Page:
Q: I’m getting married in a year but I’m starting the preparations now. I’m at a loss how to handle walking down the aisle. I have a dad and a bonusdad I love. Although they get along great, I think it will really upset my dad if I ask them both to walk with me. I don’t want to hurt anyone’s feelings. What’s good ex-etiquette?
A: First, how fortunate you are that you have two men who have worked together to raise you. But even when parents and bonusparents get along, you can see the children can still feel as if they are in the middle. Hopefully I can offer a few ideas that will help you make the decision.
As you mentioned, your dad and bonusdad could both walk you down the aisle, but if you feel this would hurt your dad’s feelings, then there are other ways to approach it.
My own daughter asked her bonusdad to walk her halfway to where her dad sat waiting, then he took her arm and walked her the rest of the way, ultimately “giving her away.” Her dad then sat in the front row for the rest of the ceremony and her bonusdad sat where her dad originally sat. I’ve seen the father of the bride walk, while the bonusdad was a sort of “greeter,” and the bonusmom oversaw the guestbook. Truthfully, there are all sorts of responsibilities you can assign to bonusparents that show them how much you care while reserving the official walk for dad. I’ve even seen a bonusdad be an usher and a groomsman.
If you decide that your bonusdad will not officially participate in the ceremony, you can assign him other responsibilities that will demonstrate how you feel. A special toast at the reception thanking him for his support is always lovely. I’ve also seen the father of the bride walk the bride down the aisle, but when it came to the father daughter dance, begin the dance with dad, then allow her bonusdad to finish the dance with her. It was done tastefully, with a pause and an offer of cooperation. The bonusdad did not cut in on the dance. That might be perceived a little differently.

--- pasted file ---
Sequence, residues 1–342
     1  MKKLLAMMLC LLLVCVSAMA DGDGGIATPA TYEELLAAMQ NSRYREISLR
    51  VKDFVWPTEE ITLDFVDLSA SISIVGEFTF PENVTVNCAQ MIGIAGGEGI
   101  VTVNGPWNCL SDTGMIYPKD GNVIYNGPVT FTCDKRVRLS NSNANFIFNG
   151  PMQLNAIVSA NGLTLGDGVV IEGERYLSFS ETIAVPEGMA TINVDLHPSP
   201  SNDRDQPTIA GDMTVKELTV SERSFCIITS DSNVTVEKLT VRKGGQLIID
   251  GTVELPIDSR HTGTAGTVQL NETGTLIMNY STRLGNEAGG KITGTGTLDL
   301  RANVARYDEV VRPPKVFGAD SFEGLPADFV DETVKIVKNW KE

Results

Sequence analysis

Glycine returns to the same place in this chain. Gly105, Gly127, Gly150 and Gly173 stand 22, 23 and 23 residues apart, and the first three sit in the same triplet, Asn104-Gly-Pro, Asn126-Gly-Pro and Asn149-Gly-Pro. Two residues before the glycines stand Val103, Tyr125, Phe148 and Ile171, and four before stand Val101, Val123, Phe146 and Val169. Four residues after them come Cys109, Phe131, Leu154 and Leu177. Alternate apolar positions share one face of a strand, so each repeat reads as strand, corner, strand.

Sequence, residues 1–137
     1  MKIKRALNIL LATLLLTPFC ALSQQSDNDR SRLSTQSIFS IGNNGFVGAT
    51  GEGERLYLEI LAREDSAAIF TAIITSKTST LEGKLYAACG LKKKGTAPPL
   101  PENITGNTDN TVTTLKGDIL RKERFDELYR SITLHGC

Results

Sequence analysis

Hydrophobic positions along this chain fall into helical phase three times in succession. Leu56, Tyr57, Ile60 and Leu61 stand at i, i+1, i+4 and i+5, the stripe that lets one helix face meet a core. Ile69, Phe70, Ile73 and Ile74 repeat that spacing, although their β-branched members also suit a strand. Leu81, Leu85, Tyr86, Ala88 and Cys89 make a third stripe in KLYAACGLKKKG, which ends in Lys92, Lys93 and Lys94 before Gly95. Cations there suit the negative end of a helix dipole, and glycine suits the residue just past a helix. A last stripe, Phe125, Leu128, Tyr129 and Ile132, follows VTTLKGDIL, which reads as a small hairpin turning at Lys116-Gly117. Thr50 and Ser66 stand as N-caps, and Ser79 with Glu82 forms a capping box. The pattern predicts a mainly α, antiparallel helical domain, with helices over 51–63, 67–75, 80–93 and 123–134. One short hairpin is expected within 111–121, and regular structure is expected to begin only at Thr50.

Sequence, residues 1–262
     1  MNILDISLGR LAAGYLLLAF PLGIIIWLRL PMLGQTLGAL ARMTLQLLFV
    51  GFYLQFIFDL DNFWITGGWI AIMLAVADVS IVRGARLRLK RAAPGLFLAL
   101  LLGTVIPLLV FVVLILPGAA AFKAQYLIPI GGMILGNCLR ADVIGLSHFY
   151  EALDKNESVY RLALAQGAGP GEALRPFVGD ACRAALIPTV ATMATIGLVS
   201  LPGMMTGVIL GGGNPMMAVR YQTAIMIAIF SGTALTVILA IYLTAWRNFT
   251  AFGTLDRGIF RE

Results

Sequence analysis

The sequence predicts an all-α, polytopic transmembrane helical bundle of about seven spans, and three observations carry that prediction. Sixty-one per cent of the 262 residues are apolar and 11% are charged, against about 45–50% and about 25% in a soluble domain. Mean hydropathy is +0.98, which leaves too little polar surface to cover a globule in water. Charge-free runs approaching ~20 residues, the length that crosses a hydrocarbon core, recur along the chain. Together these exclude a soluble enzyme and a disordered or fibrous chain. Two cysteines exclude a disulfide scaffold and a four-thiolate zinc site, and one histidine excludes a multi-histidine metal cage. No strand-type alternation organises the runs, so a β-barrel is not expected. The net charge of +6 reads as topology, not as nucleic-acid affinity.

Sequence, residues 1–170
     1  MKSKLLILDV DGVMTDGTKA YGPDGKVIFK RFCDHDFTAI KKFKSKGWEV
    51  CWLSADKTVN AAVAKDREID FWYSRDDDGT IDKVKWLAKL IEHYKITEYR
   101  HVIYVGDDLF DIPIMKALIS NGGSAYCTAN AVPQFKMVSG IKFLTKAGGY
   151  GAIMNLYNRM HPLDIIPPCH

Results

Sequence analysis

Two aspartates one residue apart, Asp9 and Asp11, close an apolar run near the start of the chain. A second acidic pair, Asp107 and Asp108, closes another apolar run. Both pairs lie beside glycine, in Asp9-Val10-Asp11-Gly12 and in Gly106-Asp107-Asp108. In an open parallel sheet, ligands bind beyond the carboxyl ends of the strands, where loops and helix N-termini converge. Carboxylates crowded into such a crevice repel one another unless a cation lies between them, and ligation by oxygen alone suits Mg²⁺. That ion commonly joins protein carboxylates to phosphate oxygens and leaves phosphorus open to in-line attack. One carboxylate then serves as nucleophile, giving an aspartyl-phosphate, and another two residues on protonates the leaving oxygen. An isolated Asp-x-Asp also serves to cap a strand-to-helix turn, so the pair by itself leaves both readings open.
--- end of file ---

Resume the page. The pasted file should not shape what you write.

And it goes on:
Ultimately, it’s up to you. You can follow tradition or set a new precedent. There can always be a tribute somewhere in the ceremony or at the reception to clarify how you feel. Try to enjoy this. Planning a wedding can be stressful. Sounds like you have lots of help. That’s good ex-etiquette.
Jann Blackstone is the author of “Ex-etiquette for Parents: Good Behavior After Divorce or Separation,” and the founder of Bonus Families, bonusfamilies.com. ©2020 Jann Blackstone Distributed by Tribune Content Agency, LLC.